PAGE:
GOP Establishes Transition Offices, Dem Leaders' Futures Unclear

Virtually no movement on the future of House Speaker Nancy Pelosi (D-CA) or House Majority Leader Steny Hoyer (D-MD).

"It's crickets," said one senior Democratic aide about what he was hearing.

Everything is in a stasis for the time being until Pelosi decides what she wants to do.

A senior Democratic source, who asked not to be indentified, indicated to Fox that the White House will not weigh in on the matter.

Hoyer has been calling various members over the past few days to potentially shore-up support to be Minority Leader.

Meanwhile, the House GOP has been establishing transition offices

They've commandeered four offices in the basement of the Capitol to handle the majority from Democratic to Republican rule.

Each office already has an official nameplate outside.

They read:

Office of GOP TransitionChairman Greg Walden

Walden won't cite specific things they will do differently. Yet. Such as when, pre-1995, each House offices was delivered two buckets of ice per day. It was a project that cost Congress millions of dollars. Most day, the ice was left to simply melt in the hall.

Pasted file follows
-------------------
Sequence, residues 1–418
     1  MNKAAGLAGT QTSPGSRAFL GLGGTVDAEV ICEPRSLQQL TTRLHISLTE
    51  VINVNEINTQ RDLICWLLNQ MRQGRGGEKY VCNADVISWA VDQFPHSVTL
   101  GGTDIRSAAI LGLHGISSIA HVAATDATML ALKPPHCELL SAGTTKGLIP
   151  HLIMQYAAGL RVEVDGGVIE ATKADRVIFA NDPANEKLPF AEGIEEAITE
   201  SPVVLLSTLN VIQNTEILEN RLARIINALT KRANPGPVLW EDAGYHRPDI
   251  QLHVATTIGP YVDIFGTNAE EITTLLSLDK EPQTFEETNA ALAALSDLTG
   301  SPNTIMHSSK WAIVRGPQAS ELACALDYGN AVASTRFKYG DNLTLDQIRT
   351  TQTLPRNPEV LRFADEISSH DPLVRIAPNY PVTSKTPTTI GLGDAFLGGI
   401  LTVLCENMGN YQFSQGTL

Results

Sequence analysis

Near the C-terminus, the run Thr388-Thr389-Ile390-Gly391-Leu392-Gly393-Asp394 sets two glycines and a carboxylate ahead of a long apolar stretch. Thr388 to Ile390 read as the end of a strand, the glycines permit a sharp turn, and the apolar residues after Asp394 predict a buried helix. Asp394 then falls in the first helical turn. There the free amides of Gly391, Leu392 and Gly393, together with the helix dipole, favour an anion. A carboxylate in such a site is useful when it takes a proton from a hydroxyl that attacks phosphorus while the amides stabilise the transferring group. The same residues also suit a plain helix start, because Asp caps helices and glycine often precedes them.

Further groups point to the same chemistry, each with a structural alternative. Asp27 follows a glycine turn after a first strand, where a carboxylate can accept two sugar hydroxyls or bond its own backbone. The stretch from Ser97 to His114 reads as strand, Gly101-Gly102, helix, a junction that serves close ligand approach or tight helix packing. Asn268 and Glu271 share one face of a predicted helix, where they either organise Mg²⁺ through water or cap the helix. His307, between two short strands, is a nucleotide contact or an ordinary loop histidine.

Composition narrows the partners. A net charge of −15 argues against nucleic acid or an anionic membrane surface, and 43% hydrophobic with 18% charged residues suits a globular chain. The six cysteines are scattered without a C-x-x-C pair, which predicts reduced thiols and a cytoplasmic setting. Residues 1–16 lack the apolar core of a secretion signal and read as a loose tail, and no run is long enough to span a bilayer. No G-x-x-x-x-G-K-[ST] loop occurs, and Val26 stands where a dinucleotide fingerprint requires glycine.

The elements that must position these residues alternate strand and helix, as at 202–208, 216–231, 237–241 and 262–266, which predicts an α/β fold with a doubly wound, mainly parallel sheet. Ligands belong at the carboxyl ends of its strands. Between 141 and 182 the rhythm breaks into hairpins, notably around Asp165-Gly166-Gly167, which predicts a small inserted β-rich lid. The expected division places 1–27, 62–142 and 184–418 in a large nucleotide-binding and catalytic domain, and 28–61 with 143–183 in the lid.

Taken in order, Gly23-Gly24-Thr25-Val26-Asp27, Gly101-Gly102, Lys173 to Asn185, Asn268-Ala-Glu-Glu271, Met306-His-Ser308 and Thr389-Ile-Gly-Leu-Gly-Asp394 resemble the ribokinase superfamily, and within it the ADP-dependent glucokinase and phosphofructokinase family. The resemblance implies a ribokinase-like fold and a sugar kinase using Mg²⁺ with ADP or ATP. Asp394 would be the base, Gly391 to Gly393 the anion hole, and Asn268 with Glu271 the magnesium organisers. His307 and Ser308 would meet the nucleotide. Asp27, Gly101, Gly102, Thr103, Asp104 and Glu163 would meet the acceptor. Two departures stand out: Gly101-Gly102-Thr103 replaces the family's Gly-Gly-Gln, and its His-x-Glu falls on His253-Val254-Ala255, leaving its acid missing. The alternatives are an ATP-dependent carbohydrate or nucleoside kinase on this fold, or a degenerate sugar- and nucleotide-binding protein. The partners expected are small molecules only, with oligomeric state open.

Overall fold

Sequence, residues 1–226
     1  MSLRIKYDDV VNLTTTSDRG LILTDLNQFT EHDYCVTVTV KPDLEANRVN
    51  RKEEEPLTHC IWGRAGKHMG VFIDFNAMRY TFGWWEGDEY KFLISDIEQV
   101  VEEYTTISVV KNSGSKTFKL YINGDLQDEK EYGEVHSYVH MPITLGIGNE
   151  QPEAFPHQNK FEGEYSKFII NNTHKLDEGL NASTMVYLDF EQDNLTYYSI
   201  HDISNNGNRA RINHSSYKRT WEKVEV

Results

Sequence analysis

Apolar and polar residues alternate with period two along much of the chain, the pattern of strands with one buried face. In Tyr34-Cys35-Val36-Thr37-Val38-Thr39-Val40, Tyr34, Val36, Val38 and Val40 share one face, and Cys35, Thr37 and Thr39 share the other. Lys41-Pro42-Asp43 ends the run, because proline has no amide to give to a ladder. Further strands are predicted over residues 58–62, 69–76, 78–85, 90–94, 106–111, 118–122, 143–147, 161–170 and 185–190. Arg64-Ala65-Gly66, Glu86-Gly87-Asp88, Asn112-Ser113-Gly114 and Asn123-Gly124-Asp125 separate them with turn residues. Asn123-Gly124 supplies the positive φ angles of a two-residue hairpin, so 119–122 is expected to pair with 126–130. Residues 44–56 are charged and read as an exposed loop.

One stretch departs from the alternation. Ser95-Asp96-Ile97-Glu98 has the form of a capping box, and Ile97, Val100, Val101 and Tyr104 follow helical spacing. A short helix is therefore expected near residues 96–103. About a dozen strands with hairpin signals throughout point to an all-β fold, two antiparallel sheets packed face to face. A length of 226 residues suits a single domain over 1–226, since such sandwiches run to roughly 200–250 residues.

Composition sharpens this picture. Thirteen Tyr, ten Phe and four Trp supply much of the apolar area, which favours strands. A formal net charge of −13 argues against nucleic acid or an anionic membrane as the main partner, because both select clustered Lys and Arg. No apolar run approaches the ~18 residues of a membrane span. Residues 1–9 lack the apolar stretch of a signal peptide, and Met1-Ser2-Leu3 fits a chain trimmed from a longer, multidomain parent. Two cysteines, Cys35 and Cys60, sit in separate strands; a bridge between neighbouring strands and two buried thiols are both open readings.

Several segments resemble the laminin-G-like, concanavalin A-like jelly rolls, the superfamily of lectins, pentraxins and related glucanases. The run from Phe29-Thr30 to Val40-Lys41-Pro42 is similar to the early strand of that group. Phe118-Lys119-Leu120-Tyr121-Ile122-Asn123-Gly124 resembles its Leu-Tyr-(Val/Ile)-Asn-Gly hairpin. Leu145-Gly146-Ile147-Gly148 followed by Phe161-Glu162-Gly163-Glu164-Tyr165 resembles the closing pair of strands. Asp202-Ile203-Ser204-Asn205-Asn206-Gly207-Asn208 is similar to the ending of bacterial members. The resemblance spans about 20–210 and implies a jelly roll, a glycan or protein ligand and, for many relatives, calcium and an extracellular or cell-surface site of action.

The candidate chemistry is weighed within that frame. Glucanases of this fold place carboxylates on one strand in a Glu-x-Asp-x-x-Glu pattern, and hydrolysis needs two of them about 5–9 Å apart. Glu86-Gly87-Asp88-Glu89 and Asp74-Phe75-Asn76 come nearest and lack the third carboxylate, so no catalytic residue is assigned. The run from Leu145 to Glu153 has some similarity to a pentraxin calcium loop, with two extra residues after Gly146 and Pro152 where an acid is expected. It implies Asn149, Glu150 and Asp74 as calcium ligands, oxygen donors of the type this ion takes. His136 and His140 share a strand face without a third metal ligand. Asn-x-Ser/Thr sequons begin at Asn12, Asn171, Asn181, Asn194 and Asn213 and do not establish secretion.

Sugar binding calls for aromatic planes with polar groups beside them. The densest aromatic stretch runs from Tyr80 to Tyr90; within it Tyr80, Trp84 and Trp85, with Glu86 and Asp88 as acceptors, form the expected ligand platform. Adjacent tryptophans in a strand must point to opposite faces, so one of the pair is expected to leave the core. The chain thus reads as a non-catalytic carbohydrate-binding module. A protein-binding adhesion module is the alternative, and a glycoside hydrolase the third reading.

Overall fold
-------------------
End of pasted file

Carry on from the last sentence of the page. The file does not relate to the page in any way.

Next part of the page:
"I was on staff up here when they delivered the ice," said Walden. "And it was crazy."

Walden also signaled that Republicans would give new members wide latitude to make changes to House operations.

"These freshmen will be giving us a training session," Walden said, noting they have been hearing a lot "in the heartland."

Walden says the Democratic staff has been helpful with the transition and had them up and running with offices and computers by 10:30 Wednesday morning.

Walden also wouldn't weigh-in directly as to whether they would eliminate possible panels initiated by Democrats.

For instance Pelosi created the Office of Congressional Ethics and the Select Committee on Global Warming.

Walden said that everything was on the table.

"I don't rule it out," Walden said, but noted "We've not been given a mandate to go downsize the committees."

Walden also said they would evaluate potential ways to run the House more smoothly. For instance, lawmakers are often called away from committee hearings featuring star witnesses when the bells ring throughout the Capitol, signaling votes on the floor.

"We leave them sitting at the witness table while we go around and vote on post office namings.

Walden was also asked if the Appropriations Committee, the panel that parcels out federal dollars to agencies and departments, would become an "anti-appropriations committee."

"I think that's the Budget Committee," Walden said with a laugh.